Langebaan and surrounds will keep you extremely busy if you’re looking to explore the great outdoors. Try these places for an unforgettable day out.
WEST COAST NATIONAL PARK
Seeberg: About a 10-minute drive from Langebaan-on-Sea lies Seeberg inside the West Coast National Park with it’s tiny little house perched high on a massive rock. It offers incredible panoramics of the Lagoon and on a clear day you can see Table Mountain in the distance.
Bird Hides: There are a number of bird hides in the park, but our favourite is the first one to your right as you enter into Geelbek. The walk down to this particular hide is spectacular as you cross over the wetlands. If you do go, early morning or late afternoon at low tide is best. Pack a picnic, relax and take your camera or binoculars for an absolute feast of birdlife.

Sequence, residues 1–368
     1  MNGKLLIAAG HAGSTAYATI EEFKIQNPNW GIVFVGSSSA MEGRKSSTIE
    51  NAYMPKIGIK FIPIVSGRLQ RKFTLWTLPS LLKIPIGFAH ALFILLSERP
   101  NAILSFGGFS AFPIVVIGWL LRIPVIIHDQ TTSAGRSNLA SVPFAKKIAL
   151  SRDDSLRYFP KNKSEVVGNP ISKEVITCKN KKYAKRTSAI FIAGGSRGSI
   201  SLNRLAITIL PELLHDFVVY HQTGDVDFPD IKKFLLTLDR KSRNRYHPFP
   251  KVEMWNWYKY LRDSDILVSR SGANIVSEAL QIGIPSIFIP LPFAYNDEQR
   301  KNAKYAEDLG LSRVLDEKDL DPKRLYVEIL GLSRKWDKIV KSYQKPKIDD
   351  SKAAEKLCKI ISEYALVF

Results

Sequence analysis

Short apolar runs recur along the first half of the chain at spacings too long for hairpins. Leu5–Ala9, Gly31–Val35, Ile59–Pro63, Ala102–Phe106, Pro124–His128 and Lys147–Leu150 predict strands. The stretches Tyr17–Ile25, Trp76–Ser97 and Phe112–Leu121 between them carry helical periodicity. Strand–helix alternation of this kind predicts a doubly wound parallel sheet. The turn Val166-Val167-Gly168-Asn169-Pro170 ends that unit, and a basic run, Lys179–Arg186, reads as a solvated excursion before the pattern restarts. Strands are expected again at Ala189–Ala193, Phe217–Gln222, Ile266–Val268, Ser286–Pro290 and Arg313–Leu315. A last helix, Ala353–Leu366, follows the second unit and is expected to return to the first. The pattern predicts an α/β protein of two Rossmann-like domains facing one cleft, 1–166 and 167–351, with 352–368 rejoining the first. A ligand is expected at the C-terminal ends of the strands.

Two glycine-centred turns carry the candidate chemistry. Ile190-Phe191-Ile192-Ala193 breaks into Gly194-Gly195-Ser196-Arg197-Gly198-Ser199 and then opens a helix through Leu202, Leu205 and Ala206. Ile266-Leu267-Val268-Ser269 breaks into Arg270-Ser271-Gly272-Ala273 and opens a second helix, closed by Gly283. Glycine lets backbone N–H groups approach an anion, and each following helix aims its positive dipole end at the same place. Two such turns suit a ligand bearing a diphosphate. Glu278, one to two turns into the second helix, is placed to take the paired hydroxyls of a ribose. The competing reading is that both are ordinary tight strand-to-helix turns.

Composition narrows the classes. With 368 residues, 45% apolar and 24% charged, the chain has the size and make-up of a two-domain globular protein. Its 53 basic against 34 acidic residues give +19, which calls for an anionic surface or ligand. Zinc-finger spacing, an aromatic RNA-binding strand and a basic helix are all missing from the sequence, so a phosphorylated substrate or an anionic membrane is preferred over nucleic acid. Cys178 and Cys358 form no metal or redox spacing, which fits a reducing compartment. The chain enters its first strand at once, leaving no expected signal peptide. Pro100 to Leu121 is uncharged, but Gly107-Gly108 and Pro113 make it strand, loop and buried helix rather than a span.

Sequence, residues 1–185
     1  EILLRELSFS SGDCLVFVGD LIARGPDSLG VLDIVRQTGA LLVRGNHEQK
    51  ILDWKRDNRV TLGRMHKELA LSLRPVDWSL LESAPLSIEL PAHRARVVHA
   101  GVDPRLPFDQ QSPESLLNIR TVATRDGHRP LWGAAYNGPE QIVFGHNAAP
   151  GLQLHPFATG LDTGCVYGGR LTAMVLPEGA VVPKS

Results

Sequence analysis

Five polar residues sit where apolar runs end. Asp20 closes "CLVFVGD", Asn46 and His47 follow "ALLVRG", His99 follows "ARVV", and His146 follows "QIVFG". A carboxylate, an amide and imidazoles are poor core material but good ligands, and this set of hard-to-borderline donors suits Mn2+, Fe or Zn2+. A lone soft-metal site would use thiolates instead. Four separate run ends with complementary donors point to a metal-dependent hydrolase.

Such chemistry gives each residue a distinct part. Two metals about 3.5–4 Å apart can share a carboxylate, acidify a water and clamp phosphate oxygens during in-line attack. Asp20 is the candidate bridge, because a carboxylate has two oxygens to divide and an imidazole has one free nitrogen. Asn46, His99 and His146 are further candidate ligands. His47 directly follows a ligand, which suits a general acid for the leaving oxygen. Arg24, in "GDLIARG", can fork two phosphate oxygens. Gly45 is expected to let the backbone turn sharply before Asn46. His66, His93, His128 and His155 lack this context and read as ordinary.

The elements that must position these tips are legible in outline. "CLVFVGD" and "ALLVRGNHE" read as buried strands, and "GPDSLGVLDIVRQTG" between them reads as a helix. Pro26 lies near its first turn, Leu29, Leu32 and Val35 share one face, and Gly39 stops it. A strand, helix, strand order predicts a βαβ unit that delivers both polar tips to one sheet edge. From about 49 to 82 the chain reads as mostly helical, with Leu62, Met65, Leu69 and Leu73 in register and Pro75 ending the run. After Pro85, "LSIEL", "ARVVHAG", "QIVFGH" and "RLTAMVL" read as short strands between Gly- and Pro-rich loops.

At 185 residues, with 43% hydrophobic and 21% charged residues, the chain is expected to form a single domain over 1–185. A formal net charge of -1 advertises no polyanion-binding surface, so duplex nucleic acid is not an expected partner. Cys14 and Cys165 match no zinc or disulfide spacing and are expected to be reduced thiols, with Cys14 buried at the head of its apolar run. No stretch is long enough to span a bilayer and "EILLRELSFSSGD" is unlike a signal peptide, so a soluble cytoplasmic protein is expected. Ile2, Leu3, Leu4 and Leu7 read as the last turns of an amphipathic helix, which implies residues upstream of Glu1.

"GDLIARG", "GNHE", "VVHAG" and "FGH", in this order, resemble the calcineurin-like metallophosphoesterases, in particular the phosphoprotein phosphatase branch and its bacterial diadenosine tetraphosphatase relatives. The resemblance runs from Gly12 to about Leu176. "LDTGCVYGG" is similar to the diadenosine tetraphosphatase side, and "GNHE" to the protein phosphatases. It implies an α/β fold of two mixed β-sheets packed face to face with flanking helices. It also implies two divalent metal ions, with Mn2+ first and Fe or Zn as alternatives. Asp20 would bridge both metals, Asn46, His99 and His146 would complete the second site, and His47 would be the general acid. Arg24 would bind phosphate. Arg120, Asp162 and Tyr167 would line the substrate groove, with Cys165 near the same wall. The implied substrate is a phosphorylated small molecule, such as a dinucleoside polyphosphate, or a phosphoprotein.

Sand dunes: The dunes in the park are a must visit. Park your car at Duinepos and take the fairly gentle 20-minute stroll up to the dunes. Watch out for ostriches and snakes (the Cape Cobra and Puffadder are very active in the summer).
Kraalbaai: Next stop is Kraalbaai. In the summer months it can get extremely busy with watersport enthusiasts so you’ll need to get there early.
16 Mile Beach: This is the longest, uninterrupted sandy beach in South Africa and is magnificent to walk along, either in the hot summer months or in winter after the big Cape storms. The flotsam and jetsam you’ll find there is incredible. A walk to the wreck takes about 50 minutes, one way.